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Teaching House Nomads Blog | May 21, 2019

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Apartment hunting abroad: How to find your home away from home

Apartment hunting abroad: How to find your home away from home

By | On 30 Sep, 2014

You’ve finally arrived and are ready to begin your adventure. There’s only one drawback: your new not-so-glamorous dwellings. Moving abroad and adjusting to a new culture is hard enough without having a safe space to relax. When I first moved to China, my school provided an apartment that was infested with cockroaches, moldy bathrooms and junk left by the owner who decided to rent out their apartment but still use it for storage. My roommate and I must have killed 100 or so cockroaches the next day. We attacked the kitchen cabinets and sinks with bug spray and laid out 20 or so traps. Not having a place I wanted to come home to after a long day of culture shock eventually took its toll. So my then-boyfriend, now-husband and I decided to get our own place together. Finding the right place was essential to my happiness.

To help you out, here are some of my personal tips on how to find your new home-away-from-home.

 

Make a list of requirements

comfortable-bedroom-with-light

I wanted a bedroom with natural light

I knew I wanted a small modern apartment, easy to clean and fairly new. An elevator was a must, as well as a sizable bathroom that had an actual shower instead of just a drain in the middle of the room. I also wanted the apartment to be walking distance from my work and in a nice community away from all the noise.

Deciding on a comfortable price range was also a must. Once I knew what I wanted, I made up a list and translated it into the local language: Mandarin.

 

Find a translator

Often, because you’re a foreigner, locals may try to take advantage and up the prices. I was lucky enough to have my husband, a local Fuzhou man, translate and prevent any swindling. Not everyone has a significant other like that on hand, but had I not, I would’ve asked my local friends who worked at my school to assist me.

Definitely bring a local with you so you don’t get bamboozled. Even if you speak the language fairly comfortably, knowing the vocabulary for renting an apartment can be tricky. I did not anticipate how difficult and time consuming the whole process would be.

washer-dryer

My big apartment splurge

 

Don’t settle for the first place you see

I looked at six apartments before I found the perfect one. It’s important not to compromise because this is going to be your humble abode for a significant chunk of time. Having lived in less than ideal spaces, waiting for the right one was essential. You might not find everything, because some conveniences might not be available in your country. For example, none of the apartments in Fuzhou have central heating or cooling systems, none of them have dryers, they all use manually operated electric water heaters, and none of them have dishwashers. These were modern conveniences I had to learn to live without, with the exception of a washer/dryer, which we bought ourselves.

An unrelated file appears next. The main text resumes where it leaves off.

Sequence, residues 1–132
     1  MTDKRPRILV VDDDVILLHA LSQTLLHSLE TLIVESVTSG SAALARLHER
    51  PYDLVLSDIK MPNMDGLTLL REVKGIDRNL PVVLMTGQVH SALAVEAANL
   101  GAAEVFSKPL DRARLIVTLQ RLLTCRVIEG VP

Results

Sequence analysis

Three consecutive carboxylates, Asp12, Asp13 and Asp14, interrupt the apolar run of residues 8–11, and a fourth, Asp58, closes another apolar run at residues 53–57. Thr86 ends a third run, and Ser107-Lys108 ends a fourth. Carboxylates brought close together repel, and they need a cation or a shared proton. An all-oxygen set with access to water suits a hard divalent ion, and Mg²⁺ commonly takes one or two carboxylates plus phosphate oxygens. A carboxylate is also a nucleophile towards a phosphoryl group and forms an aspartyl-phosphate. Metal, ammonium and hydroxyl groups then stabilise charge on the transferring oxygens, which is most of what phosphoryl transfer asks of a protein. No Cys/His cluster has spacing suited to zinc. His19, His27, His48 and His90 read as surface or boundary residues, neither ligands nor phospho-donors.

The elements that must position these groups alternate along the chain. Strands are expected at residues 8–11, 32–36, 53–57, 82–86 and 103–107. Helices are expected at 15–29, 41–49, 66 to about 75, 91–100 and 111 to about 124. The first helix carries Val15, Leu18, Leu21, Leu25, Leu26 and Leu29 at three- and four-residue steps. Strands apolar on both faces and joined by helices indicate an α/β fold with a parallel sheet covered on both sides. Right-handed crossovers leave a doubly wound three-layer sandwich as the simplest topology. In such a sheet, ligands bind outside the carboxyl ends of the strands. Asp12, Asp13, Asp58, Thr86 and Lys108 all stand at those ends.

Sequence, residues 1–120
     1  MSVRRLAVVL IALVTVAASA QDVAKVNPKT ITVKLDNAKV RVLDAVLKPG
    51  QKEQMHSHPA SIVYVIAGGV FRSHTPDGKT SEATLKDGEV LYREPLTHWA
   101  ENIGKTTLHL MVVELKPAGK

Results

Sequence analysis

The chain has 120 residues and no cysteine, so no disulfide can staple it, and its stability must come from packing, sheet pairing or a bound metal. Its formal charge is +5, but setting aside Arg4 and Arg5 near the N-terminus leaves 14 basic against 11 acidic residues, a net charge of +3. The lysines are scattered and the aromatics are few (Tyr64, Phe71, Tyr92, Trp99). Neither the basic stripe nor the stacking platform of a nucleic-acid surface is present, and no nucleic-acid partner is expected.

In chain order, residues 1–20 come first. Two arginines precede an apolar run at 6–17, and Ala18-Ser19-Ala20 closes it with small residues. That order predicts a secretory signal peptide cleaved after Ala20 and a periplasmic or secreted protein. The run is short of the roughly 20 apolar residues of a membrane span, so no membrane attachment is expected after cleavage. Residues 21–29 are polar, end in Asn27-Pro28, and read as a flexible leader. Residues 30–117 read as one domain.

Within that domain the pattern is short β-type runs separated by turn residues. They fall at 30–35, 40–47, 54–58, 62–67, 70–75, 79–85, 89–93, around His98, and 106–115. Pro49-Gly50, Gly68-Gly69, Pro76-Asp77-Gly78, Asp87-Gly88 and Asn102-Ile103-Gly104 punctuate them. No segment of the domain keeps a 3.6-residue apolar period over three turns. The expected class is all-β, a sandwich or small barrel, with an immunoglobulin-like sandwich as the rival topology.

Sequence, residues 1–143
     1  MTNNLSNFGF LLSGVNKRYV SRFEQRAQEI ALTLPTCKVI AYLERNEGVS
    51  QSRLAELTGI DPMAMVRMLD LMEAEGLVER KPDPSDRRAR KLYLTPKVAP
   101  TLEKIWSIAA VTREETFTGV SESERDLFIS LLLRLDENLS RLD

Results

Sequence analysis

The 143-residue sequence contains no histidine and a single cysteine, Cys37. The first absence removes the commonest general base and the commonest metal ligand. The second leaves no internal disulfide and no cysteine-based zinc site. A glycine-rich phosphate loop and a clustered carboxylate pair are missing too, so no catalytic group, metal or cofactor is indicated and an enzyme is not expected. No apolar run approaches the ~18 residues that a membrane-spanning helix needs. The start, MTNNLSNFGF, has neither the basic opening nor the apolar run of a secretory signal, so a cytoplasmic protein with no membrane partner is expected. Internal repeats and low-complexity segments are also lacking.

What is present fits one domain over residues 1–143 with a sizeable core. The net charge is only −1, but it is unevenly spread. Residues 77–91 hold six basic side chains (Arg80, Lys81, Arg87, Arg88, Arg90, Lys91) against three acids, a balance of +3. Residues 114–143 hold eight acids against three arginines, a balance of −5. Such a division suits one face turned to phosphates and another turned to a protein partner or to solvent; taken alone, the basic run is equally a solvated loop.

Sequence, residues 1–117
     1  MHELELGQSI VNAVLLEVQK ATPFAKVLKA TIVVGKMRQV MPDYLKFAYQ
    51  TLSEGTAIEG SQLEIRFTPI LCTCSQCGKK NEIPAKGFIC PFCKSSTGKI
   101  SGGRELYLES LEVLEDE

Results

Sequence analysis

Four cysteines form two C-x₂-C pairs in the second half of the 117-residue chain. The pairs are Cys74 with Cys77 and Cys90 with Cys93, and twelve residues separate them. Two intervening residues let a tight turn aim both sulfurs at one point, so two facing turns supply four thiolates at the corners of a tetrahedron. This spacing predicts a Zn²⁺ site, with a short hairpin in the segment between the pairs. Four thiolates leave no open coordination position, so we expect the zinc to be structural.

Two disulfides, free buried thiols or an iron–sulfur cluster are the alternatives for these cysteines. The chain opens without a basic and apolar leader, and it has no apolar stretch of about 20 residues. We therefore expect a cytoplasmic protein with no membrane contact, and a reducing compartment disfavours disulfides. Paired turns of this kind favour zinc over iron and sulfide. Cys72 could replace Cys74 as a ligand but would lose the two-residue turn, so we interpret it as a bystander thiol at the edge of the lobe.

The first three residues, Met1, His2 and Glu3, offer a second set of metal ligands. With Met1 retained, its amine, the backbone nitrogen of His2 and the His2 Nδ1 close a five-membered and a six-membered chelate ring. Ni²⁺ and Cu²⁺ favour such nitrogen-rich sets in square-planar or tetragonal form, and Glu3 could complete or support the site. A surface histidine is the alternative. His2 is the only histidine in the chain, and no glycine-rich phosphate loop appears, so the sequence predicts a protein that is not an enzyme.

Once you’ve found that dream home, it’s important to invest a little time and money when you can on making it feel like yours. Ideally, you want to be able to shut your door and escape into your own little world. There are going to be days when you feel overwhelmed and homesick. Creating an oasis will be a lifesaver on those dreary overwhelming days. Trust me.

living-room

This room was my oasis of English language movies and popcorn

Brycie Gold

Brycie Gold

Brycie did her CELTA at Teaching House New York, looking for an adventure abroad. Just two weeks after completing the course, she flew to Fuzhou, Fujian, China to teach ESL to children at York English, where she has been teaching ever since. Not only did she discover a passion for teaching and travel, but she also found her future husband.
Brycie Gold

Comments

  1. Lots of great tips there Brycie of things to keep in mind. Another thing to ask is what the policy on where to store bikes (teachers main means of transport!) Often, in S.Europe anyway, the community don’t allow you to store bikes on the ground floor/or on the stairs due to fire regulations and so you’re obliged to take them to your flat…not great if you live on the top floor. Also, if you’re thinking of giving private lessons from your home, is there a suitable space you can give lessons from?

  2. Lizzy Adams

    Great tips Brycie and John! I would also add that if your school doesn’t offer a landing pad, i.e. accommodation for you straight off the plane, then ask the school to put you in touch with any teachers 1) who might have room on their couch for the first night and 2) who are leaving. Their apartment might be a good place to start looking as you’ll have an English speaker who can let you know the advantages and pitfalls of a specific apartment and any advice on how to deal with the landlords.

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